Wednesday, 20 April 2016

A Sup And A Yarn

On Friday nights there came a regular knock at the door. Dad's friend Fred calling for him to go for their weekly drink. In those days you dressed up to go to the pub and, sure enough, there stood Fred sporting a white shirt and fancy tie beneath his tweed jacket, hair Brylcreemed in place, and grey flannels with cycle clips. His Friday night bottle of Harvest Brown Ale was the highlight of Fred's social life; he took only one week off from work each year and that was in the Spring so that he could get his garden in order. Even then he walked up to the farm twice a day to do the milking.

It wasn't actually a pub they were going to though, but a Social Club, set up by the men of the village in response to their local pub closing down - it was happening even back then in the 1950s. Though the economics of running a village pub was very different in those days as most publicans had day-jobs to supplement their income.

Many village pubs had some kind of small-scale farm attached to the business. My local pub still has an old barn (disused now) and a few acres of land, though much of the space is now taken up by the car park. My grandfather, when he kept The Fox Inn, had pigs and chickens too. The last vestiges of this practice still remained in one or two pubs when I began to use them; The Jolly Brewers always had boxes of vegetables on the bar and you could, if you so desired, buy a sack o' taters with your pint!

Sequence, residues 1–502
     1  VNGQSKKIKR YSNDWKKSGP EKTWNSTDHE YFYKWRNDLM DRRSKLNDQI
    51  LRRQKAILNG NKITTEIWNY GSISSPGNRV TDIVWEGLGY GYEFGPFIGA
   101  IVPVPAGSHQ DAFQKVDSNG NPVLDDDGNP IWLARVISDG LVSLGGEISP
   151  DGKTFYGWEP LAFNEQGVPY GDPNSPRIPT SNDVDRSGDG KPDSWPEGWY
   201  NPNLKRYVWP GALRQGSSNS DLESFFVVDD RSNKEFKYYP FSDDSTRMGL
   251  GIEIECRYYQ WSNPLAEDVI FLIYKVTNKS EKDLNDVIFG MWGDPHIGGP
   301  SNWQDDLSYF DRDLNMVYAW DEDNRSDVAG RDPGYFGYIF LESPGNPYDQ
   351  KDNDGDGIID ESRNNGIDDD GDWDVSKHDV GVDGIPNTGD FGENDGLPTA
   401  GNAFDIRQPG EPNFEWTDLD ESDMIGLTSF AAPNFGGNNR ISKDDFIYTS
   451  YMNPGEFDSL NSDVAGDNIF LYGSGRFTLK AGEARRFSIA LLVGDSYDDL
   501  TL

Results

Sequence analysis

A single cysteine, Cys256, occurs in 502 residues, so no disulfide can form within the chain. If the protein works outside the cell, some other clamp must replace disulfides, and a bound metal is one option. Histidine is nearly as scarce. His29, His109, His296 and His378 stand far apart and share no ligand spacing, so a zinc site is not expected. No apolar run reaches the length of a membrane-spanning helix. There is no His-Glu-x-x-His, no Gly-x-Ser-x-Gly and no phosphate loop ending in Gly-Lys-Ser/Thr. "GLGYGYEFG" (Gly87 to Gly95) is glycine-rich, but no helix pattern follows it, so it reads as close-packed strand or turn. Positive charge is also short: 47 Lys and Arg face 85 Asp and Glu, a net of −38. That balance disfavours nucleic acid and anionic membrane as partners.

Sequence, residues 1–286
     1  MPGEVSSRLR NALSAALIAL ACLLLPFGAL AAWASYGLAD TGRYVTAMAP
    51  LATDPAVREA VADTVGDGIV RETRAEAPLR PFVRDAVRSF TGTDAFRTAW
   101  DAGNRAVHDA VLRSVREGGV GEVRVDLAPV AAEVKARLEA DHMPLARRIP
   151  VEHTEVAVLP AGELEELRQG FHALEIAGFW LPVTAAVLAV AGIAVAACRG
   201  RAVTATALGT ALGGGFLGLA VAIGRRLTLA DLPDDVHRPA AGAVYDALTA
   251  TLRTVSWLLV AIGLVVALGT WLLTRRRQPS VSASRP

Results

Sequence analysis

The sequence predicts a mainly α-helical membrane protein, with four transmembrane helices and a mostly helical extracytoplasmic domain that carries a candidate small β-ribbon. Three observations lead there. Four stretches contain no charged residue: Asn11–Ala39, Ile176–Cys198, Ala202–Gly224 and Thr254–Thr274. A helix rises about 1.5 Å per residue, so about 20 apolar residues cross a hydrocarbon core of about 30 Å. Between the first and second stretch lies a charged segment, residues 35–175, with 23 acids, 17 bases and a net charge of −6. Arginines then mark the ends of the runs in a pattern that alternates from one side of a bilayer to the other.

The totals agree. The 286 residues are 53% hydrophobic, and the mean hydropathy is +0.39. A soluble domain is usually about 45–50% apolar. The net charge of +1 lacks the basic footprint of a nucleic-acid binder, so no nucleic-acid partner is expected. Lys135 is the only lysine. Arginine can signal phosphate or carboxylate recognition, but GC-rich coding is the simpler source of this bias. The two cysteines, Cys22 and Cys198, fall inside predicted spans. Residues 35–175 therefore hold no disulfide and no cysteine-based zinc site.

The first pub I drank in was The Blue Ball at Grantchester, which is still a small, beer-drinkers' pub even in these days of gastro-pubs and wine bars. Back then though the Lounge Bar was just like sitting in someone's front-room with its armchairs, standard lamp and radiogram, complete with 78 rpm records and a few, very "square" LPs. The landlord, Ernie, worked during the day in a toyshop in Cambridge and, if you got in early enough, you could catch him still eating his dinner, with his napkin tucked into his collar and gravy down his chin.

Just down the road, at the Red Lion, things were much more sophisticated. The Lion prided itself on being a hotel. There were a few guest rooms and a restaurant but the bar still had a dartboard and a bar-billiards table. The hotel side of the operation seemed to be run most of the time by the permanently flustered and overworked Turkish waiter, Harry. I remember hearing him answering the phone one evening as he was dashing from the restaurant to the kitchen, "Hello, ees Harry here. Head waiter? Head waiter? You wanna spik to the head waiter? No, ees Harry, the only waiter!"